Russia is considering lifting the six year old embargo on Georgian wine. (DFWatch photo.)

TBILISI, DFWatch — Moscow is ready to consider allowing Georgian wine back onto the Russian market.

Andrei Denisov, First Deputy Foreign Minister, said on Wednesday that there is a willingness on both sides to study the issue.

“If we talk about specific cases, it is about a return of Georgian wine in our market,” Ria Novosti quotes him saying.

Meanwhile, Davit Kirvalidze, Georgia’s Agriculture Minister, on Wednesday said that negotiations about bringing Georgian wine back into the Russian market will start in the near future.

The minister remarked that the negotiations may last two or three months, but there is no need to hurry. What is important is that the negotiations are irreversible.

Zurab Abashidze, Georgia’s Special Representative regarding Russia-Georgia Relations, a new post set up by the prime minister, will chair the negotiations.

The agriculture minister said that the wine quality will undergo a process of detailed verification.

Gennady Onishchenko, the chief state sanitary doctor of Russia said in mid September that CPS is ready to open the Russian market for Georgian wines, if he receives a guarantee and will be able to send experts to check the wineries of Georgia.

That’s why now Georgia claims quality will be guaranteed.

In 2006 Russia closed market for Georgia, which stopped export of wine to northern neighbor. Georgian wine was prohibited in Russia. The reason reported then was conclusion of the consumer protection agency CPS (Rospotrebnadzor), according to which Georgian wine did not live up to health safety standards.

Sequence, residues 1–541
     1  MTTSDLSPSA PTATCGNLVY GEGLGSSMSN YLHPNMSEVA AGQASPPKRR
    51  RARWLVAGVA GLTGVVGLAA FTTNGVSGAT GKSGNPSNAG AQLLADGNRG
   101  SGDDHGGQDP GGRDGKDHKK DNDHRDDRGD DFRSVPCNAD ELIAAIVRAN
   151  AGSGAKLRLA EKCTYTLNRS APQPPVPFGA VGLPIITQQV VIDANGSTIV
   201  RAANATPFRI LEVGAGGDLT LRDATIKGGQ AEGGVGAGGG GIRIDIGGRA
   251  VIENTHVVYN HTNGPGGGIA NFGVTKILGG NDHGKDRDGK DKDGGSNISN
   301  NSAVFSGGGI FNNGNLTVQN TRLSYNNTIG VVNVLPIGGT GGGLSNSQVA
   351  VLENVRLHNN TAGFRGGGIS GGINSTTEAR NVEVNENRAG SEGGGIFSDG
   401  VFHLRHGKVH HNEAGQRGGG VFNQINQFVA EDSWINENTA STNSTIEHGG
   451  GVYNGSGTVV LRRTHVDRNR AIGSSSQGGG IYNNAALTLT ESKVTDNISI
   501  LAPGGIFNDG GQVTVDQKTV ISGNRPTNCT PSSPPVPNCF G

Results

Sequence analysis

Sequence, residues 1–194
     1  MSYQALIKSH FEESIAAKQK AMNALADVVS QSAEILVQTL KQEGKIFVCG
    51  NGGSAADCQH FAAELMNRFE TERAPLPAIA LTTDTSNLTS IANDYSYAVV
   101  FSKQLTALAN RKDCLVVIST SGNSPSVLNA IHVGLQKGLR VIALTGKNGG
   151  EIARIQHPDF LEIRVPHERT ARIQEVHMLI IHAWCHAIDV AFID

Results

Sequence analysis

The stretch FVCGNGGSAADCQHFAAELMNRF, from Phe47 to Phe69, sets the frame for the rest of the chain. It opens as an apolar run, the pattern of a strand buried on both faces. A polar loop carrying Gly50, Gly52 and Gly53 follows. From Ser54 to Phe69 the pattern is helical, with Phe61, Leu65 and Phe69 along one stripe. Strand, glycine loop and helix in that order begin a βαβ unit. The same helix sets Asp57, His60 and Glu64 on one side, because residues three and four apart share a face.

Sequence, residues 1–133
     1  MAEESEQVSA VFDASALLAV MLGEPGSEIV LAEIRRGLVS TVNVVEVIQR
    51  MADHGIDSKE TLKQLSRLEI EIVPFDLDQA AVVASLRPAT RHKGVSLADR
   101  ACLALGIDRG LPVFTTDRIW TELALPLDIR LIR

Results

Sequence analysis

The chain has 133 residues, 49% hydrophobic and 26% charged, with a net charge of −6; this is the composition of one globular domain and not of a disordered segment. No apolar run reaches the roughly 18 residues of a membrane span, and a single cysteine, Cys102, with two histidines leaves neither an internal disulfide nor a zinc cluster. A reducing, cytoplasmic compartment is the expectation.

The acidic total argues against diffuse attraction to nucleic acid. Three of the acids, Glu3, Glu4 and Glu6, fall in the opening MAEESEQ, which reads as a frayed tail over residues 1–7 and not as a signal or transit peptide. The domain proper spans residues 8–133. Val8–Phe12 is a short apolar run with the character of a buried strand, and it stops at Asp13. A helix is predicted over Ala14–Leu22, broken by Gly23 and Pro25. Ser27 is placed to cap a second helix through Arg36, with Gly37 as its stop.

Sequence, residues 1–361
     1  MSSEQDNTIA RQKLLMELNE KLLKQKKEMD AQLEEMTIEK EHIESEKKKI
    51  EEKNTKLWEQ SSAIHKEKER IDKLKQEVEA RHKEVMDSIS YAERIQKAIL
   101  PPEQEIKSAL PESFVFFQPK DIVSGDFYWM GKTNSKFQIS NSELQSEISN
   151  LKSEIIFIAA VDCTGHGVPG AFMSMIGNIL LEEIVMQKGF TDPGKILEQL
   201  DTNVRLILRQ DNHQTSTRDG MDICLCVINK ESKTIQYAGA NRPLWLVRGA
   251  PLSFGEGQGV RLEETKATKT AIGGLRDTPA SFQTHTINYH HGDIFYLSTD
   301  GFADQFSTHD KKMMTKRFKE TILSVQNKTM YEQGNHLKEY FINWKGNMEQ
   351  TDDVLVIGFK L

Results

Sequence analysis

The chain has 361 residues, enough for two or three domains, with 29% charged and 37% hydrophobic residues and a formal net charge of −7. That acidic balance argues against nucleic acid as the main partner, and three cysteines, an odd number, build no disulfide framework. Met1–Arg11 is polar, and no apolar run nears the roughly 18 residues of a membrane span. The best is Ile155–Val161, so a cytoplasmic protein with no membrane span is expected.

Currently Georgia exports wine to about 50 countries abroad.

Newly appointed Prime Minister Bidzina Ivanishivli said during the election campaign that he would mend relations with Russia. Now government officials claim it will be hard to restore diplomatic relations, and impossible as long there are Russian embassies in Georgia’s occupied regions of Abkhazia and so-called South Ossetia; however they claim the parties can start with lighter issues like economy and culture and restore the export of wine to Russia, where Georgian wine used to be very popular.

Before the embargo was enforced in 2006, about 75 percent of Georgia’s wine export went to Russia. According to official statistics, Georgia exported wine in amount of USD 80 million in 2005, while in 2007 this figure was reduced to USD 29 million (2.4 percent of all the export).

But the wine export increased over the years and in 2001 amounted to USD 54 million (2.5 percent of the whole export), according to the Georgian Statistics Department. Currently the top partner country in regards to wine export is Ukraine, which imports wine worth USD 22.5 million per year.